An appeal in the Edmonds case was recently rejected by the U.S. Supreme Court. She now has a separate case pending in federal court in Washington, D.C. Ironically, in both cases, Judge Walton was randomly assigned to hear her complaints at the District Court level. Walton also has randomly been assigned to hear the Plamegate case involving Libby, Vice President Dick Cheney’s former chief of staff.

So given the high-stakes poker being played in both these cases, one civil and one criminal, why has no one in the establishment press bothered to ask what is contained in Judge Walton’s financial disclosure statement? After all, his investments and financial backers would be of keen interest in gauging his ability to hear these cases in an unbiased manner, right?

We already know that Walton has been a Bush-team insider for years. He grew up on the hardscrabble side of life in a steel town in Pennsylvania, and by his own admission was arrested three times as a teenager and even witnessed a stabbing while participating in a street fight. After beating the odds and making it through law school, he rose quickly in the Washington legal establishment, earning an appointment from former President Reagan to a District of Colombia Superior Court judgeship. He was later taken under the wing of the self-styled man of virtue William Bennett, serving as a top gun in the White House Office of National Drug Control Policy during Bennett’s tenure there. Then, in 2001, current President Bush appointed him as a federal judge in the District of Columbia.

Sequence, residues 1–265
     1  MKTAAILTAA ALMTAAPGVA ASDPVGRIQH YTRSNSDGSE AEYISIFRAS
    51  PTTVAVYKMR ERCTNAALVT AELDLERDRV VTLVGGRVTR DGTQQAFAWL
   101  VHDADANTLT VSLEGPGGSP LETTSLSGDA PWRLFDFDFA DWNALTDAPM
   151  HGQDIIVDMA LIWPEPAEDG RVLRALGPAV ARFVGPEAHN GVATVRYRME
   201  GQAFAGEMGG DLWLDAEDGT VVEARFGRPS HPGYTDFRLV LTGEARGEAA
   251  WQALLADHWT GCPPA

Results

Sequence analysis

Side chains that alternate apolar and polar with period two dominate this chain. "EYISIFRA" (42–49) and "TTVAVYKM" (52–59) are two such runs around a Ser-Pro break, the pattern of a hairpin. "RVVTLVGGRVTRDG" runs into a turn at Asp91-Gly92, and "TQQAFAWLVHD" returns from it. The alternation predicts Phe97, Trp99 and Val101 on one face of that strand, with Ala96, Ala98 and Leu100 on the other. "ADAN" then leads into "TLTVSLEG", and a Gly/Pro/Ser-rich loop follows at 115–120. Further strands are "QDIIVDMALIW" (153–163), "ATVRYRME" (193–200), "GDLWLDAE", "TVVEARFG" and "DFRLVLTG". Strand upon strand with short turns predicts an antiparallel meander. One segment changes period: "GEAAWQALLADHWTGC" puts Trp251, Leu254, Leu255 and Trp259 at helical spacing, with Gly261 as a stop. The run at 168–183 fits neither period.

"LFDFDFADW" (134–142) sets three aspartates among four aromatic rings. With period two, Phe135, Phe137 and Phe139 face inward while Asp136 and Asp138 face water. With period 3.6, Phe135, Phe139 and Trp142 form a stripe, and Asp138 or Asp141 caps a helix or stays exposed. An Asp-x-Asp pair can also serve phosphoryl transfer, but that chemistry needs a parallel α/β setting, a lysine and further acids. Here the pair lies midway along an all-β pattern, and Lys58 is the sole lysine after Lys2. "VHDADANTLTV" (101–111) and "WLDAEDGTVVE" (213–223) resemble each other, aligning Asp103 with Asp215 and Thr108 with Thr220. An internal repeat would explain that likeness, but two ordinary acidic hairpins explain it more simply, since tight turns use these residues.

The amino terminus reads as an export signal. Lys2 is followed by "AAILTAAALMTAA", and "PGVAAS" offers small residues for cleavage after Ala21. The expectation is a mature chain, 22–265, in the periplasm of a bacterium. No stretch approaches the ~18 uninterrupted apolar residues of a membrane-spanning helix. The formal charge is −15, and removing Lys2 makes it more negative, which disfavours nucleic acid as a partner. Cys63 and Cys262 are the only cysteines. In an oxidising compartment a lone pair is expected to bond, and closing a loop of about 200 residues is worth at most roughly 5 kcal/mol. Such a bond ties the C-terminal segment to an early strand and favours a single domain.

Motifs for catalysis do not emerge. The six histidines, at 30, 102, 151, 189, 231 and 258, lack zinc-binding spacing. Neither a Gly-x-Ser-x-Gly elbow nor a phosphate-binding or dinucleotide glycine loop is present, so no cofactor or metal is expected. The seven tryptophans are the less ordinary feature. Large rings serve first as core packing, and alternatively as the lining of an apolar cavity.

So it would be natural to suppose that Walton has some loyalty to the Bush administration, but that alone is not proof of bias with respect to the Edmonds and Valerie Plame-related cases.

Still, Edmonds points out that the way Walton landed on her original whistleblower-related case (the one the U.S. Supreme Court refused to hear), as well her currently pending case, does seem a bit more than a cosmic coincidence.